The winner of February’s article is the doctoral student Ariel Hazan from Prof. Beja lab, whose article was published in Environmental Microbiology

24 April 2022

On the occasion of the win, we asked Ariel to provide us with some interesting details about the study and the research.

Ariel, could you introduce yourself in a few words?
My name is Ariel Chazan and I am a Ph.D. student in Oded Beja’s lab. I did my bachelor’s degree in marine biology (Ruppin academic center) and master’s degree at the Faculty of Biology (Technion) under the supervision of Prof. Tali Haran and Prof. Dina Ron.

Could you explain what Prof. Beja’s laboratory is about?
Microorganisms have developed several strategies to utilize sunlight energy to satisfy their metabolic needs. The main goal of our Lab is to characterize and gain a deeper understanding of the protein complexes which facilitate the harvesting and utilization of light energy.

Could you tell us about your current article/research, what was the main purpose of the research and what did you discover? Can you elaborate on the importance of the discovery? Why will this discovery serve you and what directions does it take?

One of the systems by which microorganisms utilize sunlight energy is through rhodopsin proteins. Rhodopsins are a big family of light-activated membranal proteins. Once activated, rhodopsins trigger a variety of intracellular processes connected to bioenergetics and light-sensing. In 2018, we found a new rhodopsins subfamily called heliorhodopsins (from helios – “sun”). Heliorhodopsins are highly abundant among microorganisms originating in marine and freshwater environments, but so far, only a few HeRs representatives were characterized and the functional and biological roles of this new protein family remain unknown. In this study, we fished out environmental genomic fragments harboring a total of ten HeR genes from diverse microbes dwelling in Israel’s freshwaters. The benefit of our approach is that it brings genes readily amenable to biophysical characterization which we performed in collaboration with Dr. Inoue’s group from the University of Tokyo (Japan).  Heliorhodopsins’ biophysical properties – what light they prefer and how they “tick” when illuminated – are an important clue about the type of cellular processes in which HeRs participate. In addition, computational analysis of genomic neighbors demonstrated a putative functional link between HeRs and a family of enzymes involved in the activation of fatty acids. Taken together, our results allowed us to hypothesize that HeRs might be involved in light-induced membrane lipid modifications.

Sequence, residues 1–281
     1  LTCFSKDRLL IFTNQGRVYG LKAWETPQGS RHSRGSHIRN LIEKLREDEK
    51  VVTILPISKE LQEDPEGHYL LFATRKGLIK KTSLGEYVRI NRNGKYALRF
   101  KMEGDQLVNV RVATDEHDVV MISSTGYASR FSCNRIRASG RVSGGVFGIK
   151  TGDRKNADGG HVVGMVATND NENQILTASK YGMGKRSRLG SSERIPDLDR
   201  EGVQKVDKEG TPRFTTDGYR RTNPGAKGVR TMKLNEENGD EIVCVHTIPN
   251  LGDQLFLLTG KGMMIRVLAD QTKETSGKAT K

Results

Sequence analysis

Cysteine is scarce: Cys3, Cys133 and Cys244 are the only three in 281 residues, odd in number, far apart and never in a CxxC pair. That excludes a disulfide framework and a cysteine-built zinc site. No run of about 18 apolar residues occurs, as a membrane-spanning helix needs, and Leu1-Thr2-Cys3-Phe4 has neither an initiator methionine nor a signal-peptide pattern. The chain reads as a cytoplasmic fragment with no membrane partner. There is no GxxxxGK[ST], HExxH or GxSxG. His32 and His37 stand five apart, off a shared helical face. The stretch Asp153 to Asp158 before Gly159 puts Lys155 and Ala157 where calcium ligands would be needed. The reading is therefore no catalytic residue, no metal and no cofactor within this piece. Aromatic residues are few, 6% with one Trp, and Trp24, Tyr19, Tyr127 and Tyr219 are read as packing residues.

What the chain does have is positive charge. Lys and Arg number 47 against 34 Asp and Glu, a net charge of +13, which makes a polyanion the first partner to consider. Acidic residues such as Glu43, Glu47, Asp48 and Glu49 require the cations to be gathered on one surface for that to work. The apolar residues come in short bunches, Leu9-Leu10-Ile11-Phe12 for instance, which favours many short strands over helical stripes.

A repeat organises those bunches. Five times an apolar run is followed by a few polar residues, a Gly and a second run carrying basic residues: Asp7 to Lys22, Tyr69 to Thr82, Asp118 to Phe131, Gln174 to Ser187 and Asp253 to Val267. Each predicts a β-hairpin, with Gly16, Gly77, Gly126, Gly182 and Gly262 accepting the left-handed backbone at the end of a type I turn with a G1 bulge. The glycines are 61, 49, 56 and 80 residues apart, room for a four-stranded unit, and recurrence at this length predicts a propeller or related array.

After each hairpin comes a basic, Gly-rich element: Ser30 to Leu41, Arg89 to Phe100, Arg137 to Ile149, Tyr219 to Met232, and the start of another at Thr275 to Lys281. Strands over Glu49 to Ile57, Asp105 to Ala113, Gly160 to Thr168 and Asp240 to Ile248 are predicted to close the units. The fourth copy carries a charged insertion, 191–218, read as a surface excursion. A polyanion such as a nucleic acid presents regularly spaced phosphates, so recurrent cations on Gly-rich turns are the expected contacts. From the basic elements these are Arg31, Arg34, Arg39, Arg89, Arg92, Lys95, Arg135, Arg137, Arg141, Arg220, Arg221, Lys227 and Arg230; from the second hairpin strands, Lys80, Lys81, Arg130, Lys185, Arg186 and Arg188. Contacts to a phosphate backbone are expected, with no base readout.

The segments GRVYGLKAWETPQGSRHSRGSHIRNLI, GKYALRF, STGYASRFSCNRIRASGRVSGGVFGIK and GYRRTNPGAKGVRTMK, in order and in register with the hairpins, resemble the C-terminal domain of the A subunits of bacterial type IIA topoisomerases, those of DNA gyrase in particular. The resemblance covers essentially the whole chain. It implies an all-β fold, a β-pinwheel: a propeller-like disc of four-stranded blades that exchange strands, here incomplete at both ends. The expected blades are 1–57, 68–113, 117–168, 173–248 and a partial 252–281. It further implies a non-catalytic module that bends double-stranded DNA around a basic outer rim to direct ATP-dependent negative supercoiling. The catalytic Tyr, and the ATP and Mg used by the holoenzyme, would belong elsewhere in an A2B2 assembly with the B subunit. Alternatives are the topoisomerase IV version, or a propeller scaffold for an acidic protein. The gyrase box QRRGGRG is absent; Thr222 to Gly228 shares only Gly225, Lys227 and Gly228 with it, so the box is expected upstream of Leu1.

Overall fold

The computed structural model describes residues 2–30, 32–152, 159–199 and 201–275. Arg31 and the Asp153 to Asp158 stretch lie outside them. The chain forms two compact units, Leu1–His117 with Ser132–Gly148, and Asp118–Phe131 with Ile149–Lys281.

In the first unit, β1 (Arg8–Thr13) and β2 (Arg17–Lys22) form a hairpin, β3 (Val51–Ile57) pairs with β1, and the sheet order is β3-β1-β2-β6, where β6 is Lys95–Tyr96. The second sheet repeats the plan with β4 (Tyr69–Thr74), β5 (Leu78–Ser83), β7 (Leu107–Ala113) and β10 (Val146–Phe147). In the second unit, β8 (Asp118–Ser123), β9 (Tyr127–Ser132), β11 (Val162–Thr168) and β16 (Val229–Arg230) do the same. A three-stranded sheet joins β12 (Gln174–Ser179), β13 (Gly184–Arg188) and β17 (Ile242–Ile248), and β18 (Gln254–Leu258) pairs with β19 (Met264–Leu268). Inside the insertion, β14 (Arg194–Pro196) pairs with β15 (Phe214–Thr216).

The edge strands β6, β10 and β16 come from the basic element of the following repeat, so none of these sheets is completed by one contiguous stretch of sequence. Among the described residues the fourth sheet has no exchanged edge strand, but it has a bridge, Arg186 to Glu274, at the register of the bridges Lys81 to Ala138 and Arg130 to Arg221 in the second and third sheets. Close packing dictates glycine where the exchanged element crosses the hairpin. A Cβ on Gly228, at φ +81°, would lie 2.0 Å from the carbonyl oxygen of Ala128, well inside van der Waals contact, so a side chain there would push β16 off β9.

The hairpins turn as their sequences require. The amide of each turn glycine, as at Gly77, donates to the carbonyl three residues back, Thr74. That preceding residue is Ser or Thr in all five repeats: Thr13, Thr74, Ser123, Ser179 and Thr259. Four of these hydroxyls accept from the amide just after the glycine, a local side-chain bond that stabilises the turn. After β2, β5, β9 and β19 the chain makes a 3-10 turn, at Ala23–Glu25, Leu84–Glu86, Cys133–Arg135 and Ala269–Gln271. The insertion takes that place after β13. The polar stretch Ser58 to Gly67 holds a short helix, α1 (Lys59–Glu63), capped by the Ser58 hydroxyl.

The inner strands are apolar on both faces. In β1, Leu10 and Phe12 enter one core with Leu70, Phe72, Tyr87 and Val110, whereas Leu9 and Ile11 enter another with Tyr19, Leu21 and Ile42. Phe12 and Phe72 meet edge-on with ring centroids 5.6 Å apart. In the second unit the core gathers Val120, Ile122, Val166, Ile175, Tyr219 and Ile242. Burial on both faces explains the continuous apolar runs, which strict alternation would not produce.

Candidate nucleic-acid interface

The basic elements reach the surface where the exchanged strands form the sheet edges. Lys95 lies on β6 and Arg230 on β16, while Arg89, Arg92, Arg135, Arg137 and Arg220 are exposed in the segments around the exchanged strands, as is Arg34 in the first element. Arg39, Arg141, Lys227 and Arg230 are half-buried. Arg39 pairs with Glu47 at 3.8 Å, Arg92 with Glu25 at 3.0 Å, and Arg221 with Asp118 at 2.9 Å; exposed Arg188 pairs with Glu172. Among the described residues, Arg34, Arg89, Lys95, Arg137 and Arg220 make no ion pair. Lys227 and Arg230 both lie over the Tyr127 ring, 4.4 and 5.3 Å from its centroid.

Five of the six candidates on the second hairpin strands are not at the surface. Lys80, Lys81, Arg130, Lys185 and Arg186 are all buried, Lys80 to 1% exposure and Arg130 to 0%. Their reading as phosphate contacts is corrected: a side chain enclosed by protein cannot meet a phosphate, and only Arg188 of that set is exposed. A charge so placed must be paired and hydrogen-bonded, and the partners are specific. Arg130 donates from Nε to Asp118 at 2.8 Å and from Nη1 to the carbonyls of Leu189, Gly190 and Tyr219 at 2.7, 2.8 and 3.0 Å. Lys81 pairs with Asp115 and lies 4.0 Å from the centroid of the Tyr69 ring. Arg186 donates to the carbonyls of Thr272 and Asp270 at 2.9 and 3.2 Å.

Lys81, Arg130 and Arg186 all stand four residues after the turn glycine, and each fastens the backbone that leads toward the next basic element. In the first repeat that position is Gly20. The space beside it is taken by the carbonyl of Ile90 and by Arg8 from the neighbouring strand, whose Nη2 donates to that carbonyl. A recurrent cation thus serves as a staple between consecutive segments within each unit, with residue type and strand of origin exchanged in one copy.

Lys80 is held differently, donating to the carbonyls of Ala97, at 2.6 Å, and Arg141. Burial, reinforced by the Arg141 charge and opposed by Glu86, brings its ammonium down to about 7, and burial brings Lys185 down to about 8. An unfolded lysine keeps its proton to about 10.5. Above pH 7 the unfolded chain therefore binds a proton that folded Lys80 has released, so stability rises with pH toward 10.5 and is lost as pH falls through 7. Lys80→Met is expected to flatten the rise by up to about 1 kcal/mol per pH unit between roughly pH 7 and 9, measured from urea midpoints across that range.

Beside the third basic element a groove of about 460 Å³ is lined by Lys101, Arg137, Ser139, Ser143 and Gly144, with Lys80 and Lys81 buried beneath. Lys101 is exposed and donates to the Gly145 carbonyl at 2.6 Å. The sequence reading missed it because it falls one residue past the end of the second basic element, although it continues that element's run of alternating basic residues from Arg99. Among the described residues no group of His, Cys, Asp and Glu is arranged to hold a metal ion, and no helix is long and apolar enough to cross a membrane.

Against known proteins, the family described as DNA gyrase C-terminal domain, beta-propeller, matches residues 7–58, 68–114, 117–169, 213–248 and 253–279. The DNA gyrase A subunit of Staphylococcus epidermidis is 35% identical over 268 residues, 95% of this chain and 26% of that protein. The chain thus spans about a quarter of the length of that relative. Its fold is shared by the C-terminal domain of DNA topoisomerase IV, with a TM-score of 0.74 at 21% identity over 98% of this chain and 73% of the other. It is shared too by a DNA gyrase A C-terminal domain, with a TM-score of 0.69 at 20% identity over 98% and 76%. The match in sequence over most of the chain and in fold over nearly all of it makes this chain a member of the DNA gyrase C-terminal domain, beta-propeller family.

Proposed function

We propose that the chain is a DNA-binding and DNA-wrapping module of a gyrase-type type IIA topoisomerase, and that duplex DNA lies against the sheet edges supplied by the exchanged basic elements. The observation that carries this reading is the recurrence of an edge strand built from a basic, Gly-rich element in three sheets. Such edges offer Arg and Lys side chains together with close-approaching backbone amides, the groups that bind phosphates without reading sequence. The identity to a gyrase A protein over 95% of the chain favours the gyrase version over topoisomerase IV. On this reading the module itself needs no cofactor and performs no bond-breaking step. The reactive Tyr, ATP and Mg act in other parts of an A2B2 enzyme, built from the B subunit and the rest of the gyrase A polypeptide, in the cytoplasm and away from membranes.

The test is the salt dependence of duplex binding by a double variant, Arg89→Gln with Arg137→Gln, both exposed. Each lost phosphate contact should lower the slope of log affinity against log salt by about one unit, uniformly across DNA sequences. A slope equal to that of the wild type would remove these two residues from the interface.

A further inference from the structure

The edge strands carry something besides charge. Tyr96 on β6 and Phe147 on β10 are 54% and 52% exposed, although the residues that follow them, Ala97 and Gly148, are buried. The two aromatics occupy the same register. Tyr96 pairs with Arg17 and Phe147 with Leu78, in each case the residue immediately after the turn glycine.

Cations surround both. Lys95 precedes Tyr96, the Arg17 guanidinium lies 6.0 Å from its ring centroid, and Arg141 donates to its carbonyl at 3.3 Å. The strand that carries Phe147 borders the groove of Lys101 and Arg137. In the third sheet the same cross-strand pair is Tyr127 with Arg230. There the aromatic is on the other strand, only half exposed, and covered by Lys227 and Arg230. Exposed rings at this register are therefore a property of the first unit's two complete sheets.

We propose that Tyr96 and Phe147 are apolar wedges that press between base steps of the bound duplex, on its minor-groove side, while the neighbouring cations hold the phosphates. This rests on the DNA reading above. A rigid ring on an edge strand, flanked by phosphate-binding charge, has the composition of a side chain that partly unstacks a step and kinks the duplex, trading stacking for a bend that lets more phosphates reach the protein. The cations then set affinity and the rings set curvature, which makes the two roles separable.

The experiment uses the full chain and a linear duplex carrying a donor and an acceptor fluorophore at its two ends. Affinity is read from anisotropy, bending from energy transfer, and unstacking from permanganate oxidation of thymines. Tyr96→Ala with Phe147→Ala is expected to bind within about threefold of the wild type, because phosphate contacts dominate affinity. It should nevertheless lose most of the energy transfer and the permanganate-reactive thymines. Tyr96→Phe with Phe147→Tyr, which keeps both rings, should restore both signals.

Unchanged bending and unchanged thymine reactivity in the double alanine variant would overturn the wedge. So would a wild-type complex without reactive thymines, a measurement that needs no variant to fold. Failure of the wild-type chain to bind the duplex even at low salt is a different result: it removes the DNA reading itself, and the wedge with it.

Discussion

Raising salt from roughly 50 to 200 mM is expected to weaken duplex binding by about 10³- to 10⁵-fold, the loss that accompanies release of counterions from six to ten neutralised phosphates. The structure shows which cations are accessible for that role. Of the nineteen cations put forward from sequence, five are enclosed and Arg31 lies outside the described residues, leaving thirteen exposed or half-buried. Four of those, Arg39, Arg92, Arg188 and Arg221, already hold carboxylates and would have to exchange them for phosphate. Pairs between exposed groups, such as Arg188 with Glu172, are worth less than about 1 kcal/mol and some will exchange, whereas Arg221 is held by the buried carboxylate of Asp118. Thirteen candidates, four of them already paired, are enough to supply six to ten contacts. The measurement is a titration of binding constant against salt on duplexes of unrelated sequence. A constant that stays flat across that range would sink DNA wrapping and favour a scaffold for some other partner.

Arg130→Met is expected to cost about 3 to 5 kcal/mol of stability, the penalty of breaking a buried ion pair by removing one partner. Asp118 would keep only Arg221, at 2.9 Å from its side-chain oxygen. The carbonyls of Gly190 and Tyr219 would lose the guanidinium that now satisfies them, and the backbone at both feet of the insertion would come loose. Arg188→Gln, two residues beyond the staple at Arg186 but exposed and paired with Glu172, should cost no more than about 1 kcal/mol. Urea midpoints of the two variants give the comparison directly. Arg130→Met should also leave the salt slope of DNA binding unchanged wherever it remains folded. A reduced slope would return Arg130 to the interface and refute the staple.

Kineret Lake. The photo was taken by Omer Markovsky from




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